Telstra is speeding up its next round of job cuts by bringing forward $200 million in restructuring costs into the current financial year.
The telco said it made the decision "as a result of good progress on T22", which will see up to 9500 jobs slashed over three years as part of its efforts to plug a $3 billion earnings hole left in the wake of the NBN's construction.
Telstra previously announced plans to write down the value of its legacy IT business by approximately $500 million after standing up new IT platforms enabled the company to retire some of its legacy platforms. With the addition of the latest round of job cuts, Telstra expects to push its total restructuring costs for FY19 from $600 million up to $800 million.
While Telstra is starting consultations with employees about job cuts today, consultations are expected to wrap up by mid-June, hence the reason for moving up the restructuring costs to FY19.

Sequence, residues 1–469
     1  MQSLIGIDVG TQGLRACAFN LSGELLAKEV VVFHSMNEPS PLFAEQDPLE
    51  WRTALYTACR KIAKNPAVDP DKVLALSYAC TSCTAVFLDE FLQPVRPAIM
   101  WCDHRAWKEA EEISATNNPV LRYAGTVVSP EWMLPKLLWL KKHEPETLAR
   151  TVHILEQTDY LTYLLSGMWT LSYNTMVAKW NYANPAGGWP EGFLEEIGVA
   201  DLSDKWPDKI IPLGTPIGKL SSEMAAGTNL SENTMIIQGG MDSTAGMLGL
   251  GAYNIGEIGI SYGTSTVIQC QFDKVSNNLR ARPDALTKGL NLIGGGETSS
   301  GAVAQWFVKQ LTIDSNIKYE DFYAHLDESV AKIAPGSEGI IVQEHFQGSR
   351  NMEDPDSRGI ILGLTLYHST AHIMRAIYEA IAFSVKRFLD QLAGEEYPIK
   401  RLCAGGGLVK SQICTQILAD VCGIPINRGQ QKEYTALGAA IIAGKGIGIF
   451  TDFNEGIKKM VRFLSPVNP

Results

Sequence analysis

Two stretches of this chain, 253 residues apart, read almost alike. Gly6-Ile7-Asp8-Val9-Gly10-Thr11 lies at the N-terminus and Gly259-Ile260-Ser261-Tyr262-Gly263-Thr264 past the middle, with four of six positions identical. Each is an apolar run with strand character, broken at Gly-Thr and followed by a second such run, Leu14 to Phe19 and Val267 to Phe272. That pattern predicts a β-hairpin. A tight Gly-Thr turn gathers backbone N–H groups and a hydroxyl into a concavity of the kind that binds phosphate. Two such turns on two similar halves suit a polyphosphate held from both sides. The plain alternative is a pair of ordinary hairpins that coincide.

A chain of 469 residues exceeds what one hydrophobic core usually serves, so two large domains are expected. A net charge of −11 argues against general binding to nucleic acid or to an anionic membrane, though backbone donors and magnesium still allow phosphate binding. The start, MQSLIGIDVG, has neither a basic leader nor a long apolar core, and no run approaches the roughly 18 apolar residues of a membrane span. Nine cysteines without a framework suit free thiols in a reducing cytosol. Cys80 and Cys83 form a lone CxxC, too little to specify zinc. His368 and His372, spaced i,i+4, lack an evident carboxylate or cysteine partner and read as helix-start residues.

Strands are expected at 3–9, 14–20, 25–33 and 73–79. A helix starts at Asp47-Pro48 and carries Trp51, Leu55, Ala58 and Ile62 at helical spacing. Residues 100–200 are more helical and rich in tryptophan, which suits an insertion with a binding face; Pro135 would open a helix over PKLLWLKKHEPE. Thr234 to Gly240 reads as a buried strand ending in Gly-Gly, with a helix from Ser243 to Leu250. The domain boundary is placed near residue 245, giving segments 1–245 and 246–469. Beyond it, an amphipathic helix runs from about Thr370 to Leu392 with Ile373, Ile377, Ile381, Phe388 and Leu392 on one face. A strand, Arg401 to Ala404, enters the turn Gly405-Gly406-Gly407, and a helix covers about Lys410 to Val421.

Telstra expects to have reduced 6000 roles by the end of FY19, putting it on track to reach its net cost out target of $2.5 billion by the end of 2022. After FY19, Telstra expects the remaining restructure costs of the T22 strategy to be approximately $350 million.
Chief executive Andy Penn said the majority of the restructure would be over if a final decision is made on its proposal today.
"We understand the significant impact on our people and the uncertainty created by these changes," Penn said.
"We are doing everything we can to support our people through the change and this includes the up to $50 million we have committed to a transition program that provides a range of services to help people move into a new role. We expect to have announced or completed approximately 75 percent of our direct workforce role reductions by the end of FY19."
Telstra announced in February that it had cut 3200 staff already, including more than 1500 in management and executive roles.
At the same time, it reduced its underlying fixed costs by $162 million in the first half of FY19 , and made nearly $900 million in annualised cost reductions since 2016.